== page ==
Higher Education Expenditures

State and Local Backgrounders Homepage

Higher education spending includes expenditures on the operation, maintenance, and construction of public community colleges, universities, and postgraduate institutions such as law and medical schools.1

How much do state and local governments spend on higher education?

In 2018, state and local governments spent $302 billion on higher education, or 9 percent of state and local direct general spending.2 As a share of state and local direct spending, higher education was the third-largest expenditure in 2018, and roughly equal to spending on health and hospitals.

In 2018, nearly all (89 percent) of higher education spending went toward operational costs, such as instruction, administration, research, libraries, dormitories, cafeterias, and other student or faculty services. The remaining 11 percent was for capital outlays, such as construction and maintenance.

How does state spending differ from local spending and what does the federal government contribute?

State governments spend more of their budgets directly on higher education than localities. State spending goes toward public four-year universities and colleges, other state institutions, and state grants given to students, while local spending is typically for community college systems (these systems are still largely funded by state governments, though).

Overall, 86 percent of higher education direct spending occurred at the state level in 2018. In 19 states, 100 percent of higher education spending occurred at the state level. (Additionally, in South Carolina, Virginia, and Utah, 99.9 percent of higher education spending occurred at the state level.) In 2018, California, Florida, Illinois, Mississippi, and Wyoming were the only states where local direct spending on higher education exceeded 25 percent.

As a result, higher education spending is a significant share of state budgets but a small share of local spending. In 2018, 17 percent of state direct general spending went to higher education versus 3 percent of local direct general spending. Among local governments, school districts dedicated the largest share of their budgets to higher education spending (6 percent) in 2017 (the most recent year we have data for these levels of government). This is because some high schools (funded by school districts) have programs that allow students to take community college courses at the school.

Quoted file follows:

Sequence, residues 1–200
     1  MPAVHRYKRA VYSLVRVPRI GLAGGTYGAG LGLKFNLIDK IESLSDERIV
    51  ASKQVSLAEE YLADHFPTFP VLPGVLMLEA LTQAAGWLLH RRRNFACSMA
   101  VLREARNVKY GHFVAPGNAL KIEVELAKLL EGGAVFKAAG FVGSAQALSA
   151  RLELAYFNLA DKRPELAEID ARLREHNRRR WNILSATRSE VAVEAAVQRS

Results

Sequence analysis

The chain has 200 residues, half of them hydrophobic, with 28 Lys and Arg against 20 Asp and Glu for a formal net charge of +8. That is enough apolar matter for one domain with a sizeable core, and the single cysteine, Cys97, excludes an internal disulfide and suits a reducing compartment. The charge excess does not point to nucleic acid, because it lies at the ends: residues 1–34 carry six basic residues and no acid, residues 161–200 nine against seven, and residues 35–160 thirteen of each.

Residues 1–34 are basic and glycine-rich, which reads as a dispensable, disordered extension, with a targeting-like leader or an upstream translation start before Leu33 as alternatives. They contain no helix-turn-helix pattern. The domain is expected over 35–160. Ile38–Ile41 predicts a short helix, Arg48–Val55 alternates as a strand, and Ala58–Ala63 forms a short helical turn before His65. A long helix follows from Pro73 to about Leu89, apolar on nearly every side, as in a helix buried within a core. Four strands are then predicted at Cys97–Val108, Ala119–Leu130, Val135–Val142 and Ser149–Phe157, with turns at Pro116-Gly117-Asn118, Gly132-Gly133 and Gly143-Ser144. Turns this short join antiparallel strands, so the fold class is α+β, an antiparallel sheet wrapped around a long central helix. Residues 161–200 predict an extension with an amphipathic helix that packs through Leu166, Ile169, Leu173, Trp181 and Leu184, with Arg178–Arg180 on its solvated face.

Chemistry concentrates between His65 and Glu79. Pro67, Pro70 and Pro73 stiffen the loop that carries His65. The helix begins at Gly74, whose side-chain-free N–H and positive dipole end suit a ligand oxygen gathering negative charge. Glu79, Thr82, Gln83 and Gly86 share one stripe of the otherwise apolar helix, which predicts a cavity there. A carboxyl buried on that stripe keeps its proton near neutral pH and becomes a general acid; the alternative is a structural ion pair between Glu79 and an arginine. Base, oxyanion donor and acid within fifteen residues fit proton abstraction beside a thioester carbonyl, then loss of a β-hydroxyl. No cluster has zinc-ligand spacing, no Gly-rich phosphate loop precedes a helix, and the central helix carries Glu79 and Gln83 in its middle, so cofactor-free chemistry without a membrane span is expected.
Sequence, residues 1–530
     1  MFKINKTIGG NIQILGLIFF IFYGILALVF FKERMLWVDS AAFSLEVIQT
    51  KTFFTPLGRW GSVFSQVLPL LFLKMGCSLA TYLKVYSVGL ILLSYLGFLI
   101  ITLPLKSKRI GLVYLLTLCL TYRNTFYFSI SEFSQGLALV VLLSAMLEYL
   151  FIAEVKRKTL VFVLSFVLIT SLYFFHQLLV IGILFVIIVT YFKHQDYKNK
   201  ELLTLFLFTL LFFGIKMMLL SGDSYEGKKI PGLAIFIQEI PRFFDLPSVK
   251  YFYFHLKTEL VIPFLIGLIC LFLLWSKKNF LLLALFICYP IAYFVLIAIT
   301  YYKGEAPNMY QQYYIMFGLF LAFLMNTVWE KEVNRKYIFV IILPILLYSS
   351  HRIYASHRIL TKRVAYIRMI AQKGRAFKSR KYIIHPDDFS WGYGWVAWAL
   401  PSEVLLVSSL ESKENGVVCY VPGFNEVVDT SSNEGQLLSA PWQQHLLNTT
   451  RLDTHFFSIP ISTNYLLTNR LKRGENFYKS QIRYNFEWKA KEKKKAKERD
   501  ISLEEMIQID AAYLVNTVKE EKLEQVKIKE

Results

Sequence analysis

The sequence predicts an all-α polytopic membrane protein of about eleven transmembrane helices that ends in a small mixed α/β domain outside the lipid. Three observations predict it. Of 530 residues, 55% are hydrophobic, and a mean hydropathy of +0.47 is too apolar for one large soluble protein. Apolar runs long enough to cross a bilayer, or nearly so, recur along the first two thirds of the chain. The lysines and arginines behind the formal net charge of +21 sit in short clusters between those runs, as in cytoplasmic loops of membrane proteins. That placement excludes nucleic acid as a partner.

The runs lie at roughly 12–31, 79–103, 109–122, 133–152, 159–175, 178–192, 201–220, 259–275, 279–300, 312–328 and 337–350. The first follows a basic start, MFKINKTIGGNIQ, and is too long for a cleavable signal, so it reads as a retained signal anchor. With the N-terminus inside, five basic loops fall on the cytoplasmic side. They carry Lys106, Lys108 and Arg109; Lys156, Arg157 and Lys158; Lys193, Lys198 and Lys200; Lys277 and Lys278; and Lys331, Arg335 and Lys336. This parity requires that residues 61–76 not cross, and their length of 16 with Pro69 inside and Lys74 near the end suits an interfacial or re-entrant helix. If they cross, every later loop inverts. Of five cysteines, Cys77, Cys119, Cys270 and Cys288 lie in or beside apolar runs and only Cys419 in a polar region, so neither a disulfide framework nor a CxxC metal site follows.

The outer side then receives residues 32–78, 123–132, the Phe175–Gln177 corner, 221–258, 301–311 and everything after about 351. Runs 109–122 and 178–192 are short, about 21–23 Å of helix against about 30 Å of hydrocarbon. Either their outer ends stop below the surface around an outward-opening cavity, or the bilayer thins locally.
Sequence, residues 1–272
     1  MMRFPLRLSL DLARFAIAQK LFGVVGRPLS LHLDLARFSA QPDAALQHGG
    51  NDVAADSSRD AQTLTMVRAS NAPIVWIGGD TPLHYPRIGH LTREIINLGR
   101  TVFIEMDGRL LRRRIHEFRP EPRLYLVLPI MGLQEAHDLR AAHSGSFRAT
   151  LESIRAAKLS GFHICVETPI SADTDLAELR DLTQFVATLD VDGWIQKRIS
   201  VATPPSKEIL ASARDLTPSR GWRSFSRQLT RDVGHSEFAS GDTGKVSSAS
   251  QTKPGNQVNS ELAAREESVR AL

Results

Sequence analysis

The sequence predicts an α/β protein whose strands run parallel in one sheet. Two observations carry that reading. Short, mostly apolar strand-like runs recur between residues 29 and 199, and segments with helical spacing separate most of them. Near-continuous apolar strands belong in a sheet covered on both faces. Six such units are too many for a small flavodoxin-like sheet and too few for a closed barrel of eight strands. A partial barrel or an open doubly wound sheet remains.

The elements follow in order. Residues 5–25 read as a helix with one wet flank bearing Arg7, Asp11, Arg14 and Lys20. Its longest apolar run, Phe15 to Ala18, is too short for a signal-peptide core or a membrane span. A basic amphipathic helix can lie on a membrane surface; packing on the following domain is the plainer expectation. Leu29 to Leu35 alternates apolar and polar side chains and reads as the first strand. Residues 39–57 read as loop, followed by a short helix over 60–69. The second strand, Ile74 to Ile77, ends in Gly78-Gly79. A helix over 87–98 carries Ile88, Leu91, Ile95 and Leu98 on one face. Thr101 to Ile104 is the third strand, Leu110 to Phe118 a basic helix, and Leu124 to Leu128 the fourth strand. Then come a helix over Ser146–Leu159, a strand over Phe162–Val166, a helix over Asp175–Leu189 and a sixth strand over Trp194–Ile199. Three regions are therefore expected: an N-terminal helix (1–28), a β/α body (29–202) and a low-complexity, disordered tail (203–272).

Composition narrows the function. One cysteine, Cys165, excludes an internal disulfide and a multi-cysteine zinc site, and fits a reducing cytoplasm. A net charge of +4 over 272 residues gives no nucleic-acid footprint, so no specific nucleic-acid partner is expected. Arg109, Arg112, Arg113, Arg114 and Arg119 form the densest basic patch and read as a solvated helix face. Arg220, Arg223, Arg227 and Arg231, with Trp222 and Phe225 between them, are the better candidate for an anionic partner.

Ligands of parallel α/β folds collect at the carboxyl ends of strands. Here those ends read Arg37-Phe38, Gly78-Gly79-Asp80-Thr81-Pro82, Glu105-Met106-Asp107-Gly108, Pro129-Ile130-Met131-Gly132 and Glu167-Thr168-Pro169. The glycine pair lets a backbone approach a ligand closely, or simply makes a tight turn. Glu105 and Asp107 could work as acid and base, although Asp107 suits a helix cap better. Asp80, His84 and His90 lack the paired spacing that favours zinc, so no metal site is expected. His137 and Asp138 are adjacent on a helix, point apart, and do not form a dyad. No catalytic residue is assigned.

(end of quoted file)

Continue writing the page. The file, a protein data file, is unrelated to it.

Higher education spending was funded almost entirely with state and local revenues. The federal government contributes to higher education mostly by providing financial aid directly to students (e.g., Pell Grants).

How much do tuition and other charges contribute to higher education spending?

The Census data on higher education expenditures include revenue from both government transfers to schools and charges related to higher education, such as tuition, that are paid directly from students to public institutions of higher education. 

In addition to tuition and other instruction-related charges (such as laboratory fees), higher education charges include receipts from dormitories, university cafeterias, and bookstores. In 2018, higher education charges totaled $122 billion and accounted for 40 percent of total state and local higher education expenditures. Tuition plus other instruction-related charges were $93 billion (31 percent) and receipts-related charges were $29 billion (10 percent). (These percentages do not sum to the total because of rounding.)

Other services, such as hospitals, also often operate within institutions of higher learning and contribute to higher education revenues. However, these funds are allocated separately within the Census of Governments data. For more on how those revenue streams contribute to higher education, see a separate study of higher education funding from the US Department of Education.

How have higher education expenditures changed over time?